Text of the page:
Thursday, February 24, 2022

I never wanted to be one of the cool kids (and other 2022 Topps musings)

I've never been made fun of for collecting baseball cards, but I've received many a raised eyebrow.

Much of my adult life has been spent underneath the outside perception that hoarding baseball cards is a "kid's hobby." Not in practice, of course - we know that adults outnumber kids about 100-to-1 at card shows - but I've always gotten the feeling that people on the outside don't see collecting cards as something adults do, or should be doing. Pretty much all of my teens and early-20s consisted of people giving me blank stares when I told them I collected baseball cards, and after I while I just kept it to myself.

Now, in 2022, I'm getting the sense that cards are being seen as a more and more "legitimate" hobby for those same blank-stared people I encountered ten years ago. I'd be willing to bet that at least a couple of the "cool kids" I knew in high school are the ones currently salivating over PSA slabs and Wander Franco's RC logo. Baseball cards, it seems, are everywhere, and people from all over are talking about them. For a long time, that's what I thought I wanted.

But at the risk of sounding like a gatekeeper, I have to admit that I kinda liked it better before - before people were fighting each other in the card aisles, back when I could feel like the hobby was something that was mine and only mine.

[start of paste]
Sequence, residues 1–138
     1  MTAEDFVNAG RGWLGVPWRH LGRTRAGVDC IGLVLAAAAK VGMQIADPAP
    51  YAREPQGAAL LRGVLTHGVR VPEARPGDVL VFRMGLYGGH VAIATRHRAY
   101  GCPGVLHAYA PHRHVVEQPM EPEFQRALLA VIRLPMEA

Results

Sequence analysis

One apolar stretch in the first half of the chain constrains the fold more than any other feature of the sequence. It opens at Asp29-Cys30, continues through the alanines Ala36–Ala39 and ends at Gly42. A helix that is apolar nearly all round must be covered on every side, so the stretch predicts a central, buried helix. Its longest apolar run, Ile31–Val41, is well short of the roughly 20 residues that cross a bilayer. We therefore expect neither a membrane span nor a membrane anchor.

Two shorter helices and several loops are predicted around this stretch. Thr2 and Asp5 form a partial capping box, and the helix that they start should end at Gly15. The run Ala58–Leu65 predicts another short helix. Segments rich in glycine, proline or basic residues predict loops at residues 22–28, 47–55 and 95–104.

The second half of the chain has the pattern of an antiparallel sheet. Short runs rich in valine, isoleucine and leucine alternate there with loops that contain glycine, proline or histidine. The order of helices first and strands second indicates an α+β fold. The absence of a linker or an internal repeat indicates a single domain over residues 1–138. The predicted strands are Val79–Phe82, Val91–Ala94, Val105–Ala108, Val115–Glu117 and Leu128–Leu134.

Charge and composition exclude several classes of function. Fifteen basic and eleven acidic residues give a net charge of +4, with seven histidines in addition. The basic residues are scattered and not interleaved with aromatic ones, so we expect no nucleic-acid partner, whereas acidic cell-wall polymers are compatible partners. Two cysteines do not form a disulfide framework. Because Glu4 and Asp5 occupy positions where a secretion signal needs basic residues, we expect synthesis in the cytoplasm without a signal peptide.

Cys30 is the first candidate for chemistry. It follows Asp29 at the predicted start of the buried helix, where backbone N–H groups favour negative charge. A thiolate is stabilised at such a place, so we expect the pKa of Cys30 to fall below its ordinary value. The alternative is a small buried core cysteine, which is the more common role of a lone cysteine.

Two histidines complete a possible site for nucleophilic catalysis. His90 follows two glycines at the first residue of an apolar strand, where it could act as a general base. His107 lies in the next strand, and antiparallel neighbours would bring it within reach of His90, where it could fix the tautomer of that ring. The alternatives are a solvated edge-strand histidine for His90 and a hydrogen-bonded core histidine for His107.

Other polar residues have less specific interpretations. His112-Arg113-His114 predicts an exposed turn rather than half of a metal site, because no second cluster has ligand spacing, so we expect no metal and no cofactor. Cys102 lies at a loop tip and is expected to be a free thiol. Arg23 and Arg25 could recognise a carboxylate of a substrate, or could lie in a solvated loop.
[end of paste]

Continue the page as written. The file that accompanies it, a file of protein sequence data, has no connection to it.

All of this, mind you, is just a roundabout way of saying I FOUND 2022 TOPPS!

I've always said the dawn of a new card year is a crazy and exciting time, which explains why I walked into a packed Walmart on a Sunday evening after work in search of our newest cards. I would do that for nothing else besides baseball cards. Luckily, persistence paid off, because there in a card aisle was a only partially-ransacked display of 2022 Topps, and I managed to grab a handful of hanger packs.

Breaking news: I pulled the holy Wander Franco, and please forgive me for being the 835th person who's shown it by now. I feel like I've seen that card at least 10 times more than everything else in 2022 Topps combined - which pretty much sums up where the hobby is in the hands of the "cool kids" these days.

But there's a lot of other star power in 2022 Topps, and while I think the Franco is a good, solid baseball card (but of course people aren't talking about how it looks), a lot of other stars in this set were rewarded with even better cards that blow Sir Franco out of the water.

Contrary to popular belief, there are 329 other cards in the this year's base set besides Wander Franco, and on the whole I think 2022 Topps is a massive upgrade over what we've seen the past couple years.

I'm not saying this set ranks anywhere near the top of the Topps canon, but it's certainly more enjoyable than 2020 & 2021. It's a fine design with readable player names (looking at you, 2021), as well as just plain better photos - not a ton of those ghastly zoomed-in face shots that have plagued the last half-decade or so of Topps.

Thankfully, Topps included a lot of late-season deals that they, ahem, forgot to put in 2021 Update - even digging into the rubble of Jake Arrieta's miserable four-game stint with the Padres!

Obligatory insert dump - I feel like a baby in a high-chair with Topps spoon-feeding us the '87 design over and over and over again while we cry for no more, no more!